[Somewhat related: Last time I did one of these, I mentioned how few female singers (one, iirc) had made the country top 20, and while it’s nice to see other people are noticing, I found the linked article pretty disappointing. The author nails the paradox—and if you’re a critic, it (namely, that female artists having so much trouble succeeding in a format targeted largely toward women) is a pretty interesting paradox—but instead of investigating it further—and there are literally dozens of people he could interview—he just kind of declaims it, toots the Kacey Musgraves horn, and clicks publish. Where art thou PPMs? This, though, is excellent.]
Pet Shop Boys - “Vocal”: "We have one more song, one that kind of sums it all up," said Neil Tennant, closing the PSB at Beacon Theater night two, and while I expected "Love is a Bourgeois Concept," "Vocal" is what we got, not the dance-iest song in their set, but certainly the most EDM. The Stuart Price/Jacques Lu Cont opening set, though, was just about all EDM, played (surreally, hilariously) to a crowd of seat 50 somethings, some of whom would pump their fists if a beat happened to drop.
Katy Perry - “Roar”: Katy Perry for Sara Bareilles fans, just as much as “Brave” is Sara Bareilles for Katy Perry fans. I wrote this before I learned that some radio stations had tried to pull a controversy from it, but here we are. I like both about equally.
Rihanna - “Diamonds”: I swear, I’ve spent the last 8 or whatever months starting Unapolgetic at “Pour It Up,” liking this song and loving “Phresh Out the Runway” but not needing to hear them again, and then on Wednesday I was walking back from a credit union where (I learned) only federal agents could deposit checks, guarding some freelancer paper and regretting the fact that, with Hogrock Nikes on my feet and gauze on my finger I looked a lot of things but “fresh as hell” wasn’t any of them, and I started the album here and nearly lost my mind. It’s amazing, the stupid things people were saying about this album—Rihanna is self-destructive, Rihanna is setting a bad example—when the first words anyone heard from it were “find light in a beautiful sea / i chose to be happy.” I felt somewhat vindicated hearing MikeQ play “Jump” last weekend—I’ve been solo jamming to that one for a while, and now that I think about it I even mentioned it in a 2012 year-end essay that was regrettably deaded. Even the Sara Bareilles songs are good.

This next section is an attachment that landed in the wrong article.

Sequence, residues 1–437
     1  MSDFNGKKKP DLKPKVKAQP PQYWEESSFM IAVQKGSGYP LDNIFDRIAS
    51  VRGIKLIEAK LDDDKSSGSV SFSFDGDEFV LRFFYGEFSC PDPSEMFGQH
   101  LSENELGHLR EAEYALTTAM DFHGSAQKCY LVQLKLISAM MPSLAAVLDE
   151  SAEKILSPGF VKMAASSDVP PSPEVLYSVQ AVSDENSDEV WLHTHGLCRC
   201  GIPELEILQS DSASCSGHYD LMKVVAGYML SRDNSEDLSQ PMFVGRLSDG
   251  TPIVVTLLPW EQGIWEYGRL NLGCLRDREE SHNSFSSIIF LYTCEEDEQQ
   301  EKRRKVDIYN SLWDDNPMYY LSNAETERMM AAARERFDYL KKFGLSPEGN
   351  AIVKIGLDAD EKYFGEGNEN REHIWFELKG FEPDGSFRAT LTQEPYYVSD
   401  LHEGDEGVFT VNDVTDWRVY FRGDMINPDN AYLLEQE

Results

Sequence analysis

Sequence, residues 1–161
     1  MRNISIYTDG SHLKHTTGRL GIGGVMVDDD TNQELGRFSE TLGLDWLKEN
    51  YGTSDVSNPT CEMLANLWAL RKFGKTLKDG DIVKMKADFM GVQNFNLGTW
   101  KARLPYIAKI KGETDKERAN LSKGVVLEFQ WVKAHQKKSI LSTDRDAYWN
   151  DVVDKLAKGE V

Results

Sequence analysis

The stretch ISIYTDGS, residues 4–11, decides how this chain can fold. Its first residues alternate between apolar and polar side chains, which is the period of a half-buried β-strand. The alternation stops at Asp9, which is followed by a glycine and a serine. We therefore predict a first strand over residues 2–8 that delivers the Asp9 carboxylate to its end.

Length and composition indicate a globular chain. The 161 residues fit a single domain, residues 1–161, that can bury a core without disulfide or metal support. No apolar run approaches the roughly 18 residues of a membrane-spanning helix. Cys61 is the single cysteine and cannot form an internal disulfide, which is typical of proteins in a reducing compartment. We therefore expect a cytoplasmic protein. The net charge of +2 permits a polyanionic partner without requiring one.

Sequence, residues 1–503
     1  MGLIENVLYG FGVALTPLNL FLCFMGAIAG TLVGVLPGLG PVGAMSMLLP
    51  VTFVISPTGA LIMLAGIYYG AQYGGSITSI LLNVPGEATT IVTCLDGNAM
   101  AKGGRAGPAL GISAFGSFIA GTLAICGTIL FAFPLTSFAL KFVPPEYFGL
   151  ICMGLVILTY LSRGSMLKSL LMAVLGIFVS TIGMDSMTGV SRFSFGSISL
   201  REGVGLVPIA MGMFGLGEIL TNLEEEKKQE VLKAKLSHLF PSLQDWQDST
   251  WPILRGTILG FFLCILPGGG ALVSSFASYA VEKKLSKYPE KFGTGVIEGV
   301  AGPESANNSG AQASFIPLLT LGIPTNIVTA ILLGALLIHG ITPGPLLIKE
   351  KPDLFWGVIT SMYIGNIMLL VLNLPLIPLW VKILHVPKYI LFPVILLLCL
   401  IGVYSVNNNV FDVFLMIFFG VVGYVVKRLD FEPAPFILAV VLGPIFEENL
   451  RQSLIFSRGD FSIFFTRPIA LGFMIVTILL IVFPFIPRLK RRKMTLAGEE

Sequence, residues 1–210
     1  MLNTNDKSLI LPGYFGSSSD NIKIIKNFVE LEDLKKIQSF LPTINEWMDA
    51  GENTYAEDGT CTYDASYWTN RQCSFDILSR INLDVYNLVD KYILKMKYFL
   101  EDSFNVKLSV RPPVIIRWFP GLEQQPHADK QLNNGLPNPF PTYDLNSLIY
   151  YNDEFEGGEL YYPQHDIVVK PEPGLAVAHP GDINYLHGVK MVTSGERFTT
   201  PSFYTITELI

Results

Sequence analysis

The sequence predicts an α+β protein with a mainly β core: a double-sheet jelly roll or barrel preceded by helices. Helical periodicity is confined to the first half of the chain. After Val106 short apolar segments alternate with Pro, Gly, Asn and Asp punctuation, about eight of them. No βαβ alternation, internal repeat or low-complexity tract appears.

Miley Cyrus - “We Can’t Stop”: Since around June 19, the question has been why early 20s teenpop stars need to incorporate/appropriate elements of black culture in order to break from their earlier identities, but I wonder if this is a case where the question almost precludes the answer, or at least one of them. What I mean is (deep breath) because (white) teenpop itself has heavily favored a blue-eyed/deracinated take on soul, r&b, and even hip-hop at least since Maurice Starr and NKOTB inaugurated the last quarter century of it by jacking what would eventually be called new jack swing rhythms for “You Got It (The Right Stuff),” perhaps we should think of this move less as a break from that earlier identity and more as an intensification of it. Maybe there’s a difference, maybe there isn’t.
This still doesn’t explain why this incorporation/appropriation happens, but if we wanted we could come up with theories, the most obvious being that in need of a cred boost, these stars (and the people producing them) make the mistake of associating “authenticity” with “otherness”—ironically the same mistake that many of their critics then reproduce.
Either way, one of the stranger aspects of the performance and ensuing backlash (which, I realize, no one really cares about anymore, but this bus ride is barely closer to its destination, so…) is the feeling of deja vu invoked by the But what does father think?? angle, since it repeats fairly closely one of the key plot points of Hannah Montana: The Movie. There, Billy Ray Cyrus plays a version of himself named “Robby Ray Stewart” (who at one point sings a Billy Ray Cyrus song) who eventually tires of his superstar daughter Miley Stewart (the Miley Cyrus character, who, if youre not familiar, plays music under the name Hannah Montana) worsening public behavior and reprimands her accordingly. There’s even an award show in New York involved! Summarizes wiki:
[Robby] tells [Miley] that Hannah is going out of control and Miley needs to gain perspective and remember who she truly is. Instead of leaving for the World Music Awards in New York on a private jet, the Stewarts land in Crowley Corners, Tennessee, their hometown, for Miley’s grandmother Ruby’s (Margo Martindale) birthday. Miley is angry at her father for the switch but Robby points out that this is the life she could’ve been leading if she was not famous.
9:39 pm • 22 September 2013 • 1 note